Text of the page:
Looking ahead to the rest of 2017, we can expect to see continued improvement of Miami’s office market based on strong market fundamentals and employment growth. Key trends to watch in 2017 that will help drive and shape the market, include:
• Steady, modest growth in office rents
• Declining available office supply
• New transit-oriented mixed-use developments that include office space in both Miami’s downtown urban core and other connected walkable neighborhoods such as Coconut Grove, Coral Gables and Wynwood
• Tenants adopting new office design standards
• Increased moves between submarkets and new-to- market companies positively impacting net absorption
Office demand will continue to be fueled by vibrant population growth of young professionals and Miami’s appeal as a growing, global and entrepreneurial city. Miami-Dade County’s population has grown 8 percent in the past five years, making it the seventh largest county in the United States. In 2016, more than 20,000 jobs were added in the county, predominately in the construction, real estate, professional services and financial services industries. This economic growth has fueled expansion activity in the office market and should hold steady in 2017.
Miami’s focus on cultivating innovation and entrepreneurship has also positively impacted the office market. In the past two years, new co-working spaces have represented over 350,000 square feet of completed lease transactions. Miami has also welcomed a new wave of technology companies to Miami, including Uber, Flatbook and the expansions of Facebook, Google and Skyscanner, to name a few.
Last year, millennials became the nation’s largest workforce demographic and sparked the conversation about new office space trends. As millennials take leadership roles in companies that have established themselves in traditional office environments, those companies are now seeking the next modern and urban office space. Tenants now choose buildings for their connectivity to mass transit and walkability to varied residential, retail, restaurants and entertainment offerings. Unique amenities such as Wi-Fi connected common areas, tenant lounges, fitness centers, bike racks and concierge services are also key drivers.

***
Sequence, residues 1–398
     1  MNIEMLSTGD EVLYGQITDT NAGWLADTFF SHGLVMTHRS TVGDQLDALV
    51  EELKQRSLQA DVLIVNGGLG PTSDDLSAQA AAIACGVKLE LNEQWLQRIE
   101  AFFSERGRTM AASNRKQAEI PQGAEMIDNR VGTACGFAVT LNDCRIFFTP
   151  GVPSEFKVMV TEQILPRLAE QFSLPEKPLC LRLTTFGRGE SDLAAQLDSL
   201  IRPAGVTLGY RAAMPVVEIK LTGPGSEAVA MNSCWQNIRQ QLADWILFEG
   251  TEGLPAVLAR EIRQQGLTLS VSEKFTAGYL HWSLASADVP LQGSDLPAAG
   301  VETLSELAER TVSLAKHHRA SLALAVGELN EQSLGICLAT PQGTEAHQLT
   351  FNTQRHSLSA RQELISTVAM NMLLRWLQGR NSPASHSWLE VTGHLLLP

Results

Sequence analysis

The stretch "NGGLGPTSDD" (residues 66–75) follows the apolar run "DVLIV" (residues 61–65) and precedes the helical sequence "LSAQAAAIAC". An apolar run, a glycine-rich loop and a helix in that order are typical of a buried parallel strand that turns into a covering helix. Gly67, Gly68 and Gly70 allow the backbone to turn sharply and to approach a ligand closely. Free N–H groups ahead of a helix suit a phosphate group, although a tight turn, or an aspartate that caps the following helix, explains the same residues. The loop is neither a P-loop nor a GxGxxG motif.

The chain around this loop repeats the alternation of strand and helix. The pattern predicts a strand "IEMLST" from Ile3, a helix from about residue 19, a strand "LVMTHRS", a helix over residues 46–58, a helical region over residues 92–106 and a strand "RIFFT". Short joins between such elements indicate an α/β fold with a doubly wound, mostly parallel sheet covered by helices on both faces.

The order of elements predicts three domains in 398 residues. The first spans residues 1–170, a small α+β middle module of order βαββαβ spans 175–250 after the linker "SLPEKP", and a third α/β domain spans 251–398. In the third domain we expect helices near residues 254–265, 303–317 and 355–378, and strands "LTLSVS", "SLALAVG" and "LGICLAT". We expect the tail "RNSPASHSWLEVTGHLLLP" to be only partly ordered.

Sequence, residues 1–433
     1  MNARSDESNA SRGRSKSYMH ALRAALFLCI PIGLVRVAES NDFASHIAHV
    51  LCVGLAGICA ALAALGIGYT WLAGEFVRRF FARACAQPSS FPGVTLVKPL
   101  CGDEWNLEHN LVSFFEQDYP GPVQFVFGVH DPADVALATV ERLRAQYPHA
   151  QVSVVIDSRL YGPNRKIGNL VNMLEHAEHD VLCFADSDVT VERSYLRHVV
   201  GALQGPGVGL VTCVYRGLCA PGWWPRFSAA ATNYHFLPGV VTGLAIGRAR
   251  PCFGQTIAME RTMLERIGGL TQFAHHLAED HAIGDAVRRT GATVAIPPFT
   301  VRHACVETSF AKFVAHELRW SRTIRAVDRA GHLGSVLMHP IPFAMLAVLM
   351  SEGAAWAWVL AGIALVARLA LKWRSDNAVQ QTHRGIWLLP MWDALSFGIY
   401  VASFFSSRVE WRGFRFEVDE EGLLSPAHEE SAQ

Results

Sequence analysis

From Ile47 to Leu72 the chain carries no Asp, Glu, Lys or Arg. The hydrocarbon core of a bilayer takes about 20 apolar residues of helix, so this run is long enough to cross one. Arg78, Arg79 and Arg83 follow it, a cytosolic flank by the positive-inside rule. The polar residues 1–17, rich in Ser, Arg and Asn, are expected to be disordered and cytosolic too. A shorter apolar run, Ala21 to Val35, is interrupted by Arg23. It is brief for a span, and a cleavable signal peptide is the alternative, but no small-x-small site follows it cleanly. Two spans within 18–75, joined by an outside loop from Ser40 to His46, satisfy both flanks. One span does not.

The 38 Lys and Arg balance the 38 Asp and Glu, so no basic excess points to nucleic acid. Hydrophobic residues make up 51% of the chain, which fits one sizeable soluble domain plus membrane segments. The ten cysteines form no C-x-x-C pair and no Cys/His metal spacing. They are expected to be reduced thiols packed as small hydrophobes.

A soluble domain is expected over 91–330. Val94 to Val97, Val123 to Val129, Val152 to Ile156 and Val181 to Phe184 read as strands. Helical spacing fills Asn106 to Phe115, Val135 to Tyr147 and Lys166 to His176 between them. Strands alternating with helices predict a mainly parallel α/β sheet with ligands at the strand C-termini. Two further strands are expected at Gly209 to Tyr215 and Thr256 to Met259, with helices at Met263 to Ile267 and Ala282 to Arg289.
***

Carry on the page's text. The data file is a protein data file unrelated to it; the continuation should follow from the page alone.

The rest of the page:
Fundamentals are Strong
Vacancy drops and building trades will continue to drive up rents. Last year’s strong building trading activity helped contribute to the ongoing rise in rents. More than 3.9 million square feet of office traded within Miami’s four major office submarkets of Downtown, Brickell, Coral Gables and Airport West Dade. As an example, after the new ownership announced common area renovations and new amenities being offered to tenants, Miami’s Courthouse Tower located across the street from Miami-Dade’s Courthouse and a short walk to the new MiamiCentral station now under construction, achieved an increase of more than 40 percent in rents. We expect to see this type of activity continue through 2017.
Building sales generated significant buzz in 2016, with Downtown Miami and its surrounding neighborhoods attracting the most activity. Notable sales include Brickman’s purchase of Courthouse Tower and the 200 Southeast First building for $27 million and $33 million, respectively. Also making headlines, Sumitomo snagged Miami Tower for $348 per square foot, East End Capital bought New World Tower for $270 per square foot and Southeast Financial Center sold to Pontegadea for $516 million ($432.36 per square foot). The significant trading activity in the urban core is a direct result of Miami’s strong appeal as an international city, its strong real estate fundamentals, including significant barriers to entry, steady increase of rents and limited new inventory scheduled for delivery in the next 36 months.
Miami’s fast-growing population and traffic concerns are shifting renewed emphasis to mass-transit solutions. Transit-oriented development has become a new standard for office development. An example is Miami Central, which is slated for delivery in the fall of 2017, redefining regional business connectivity and setting a new bar for what tenants seek in office space. The mixed-use project will deliver 280,000 square feet of office that is already 60 percent preleased, several new food and beverage concepts including Central Fare located within the 160,000 square feet of commercial space and 800 multifamily units designed to meet the needs of young professionals. As tenant demand for access, walkability, and sustainability increases, expect to see an increase in this type of office development in neighborhoods outside of the traditional urban core.
Without doubt, the future for Miami’s office market looks bright. Miami’s international appeal and ongoing foreign and domestic investment into the local economy will continue to drive its continued success within the office market this year.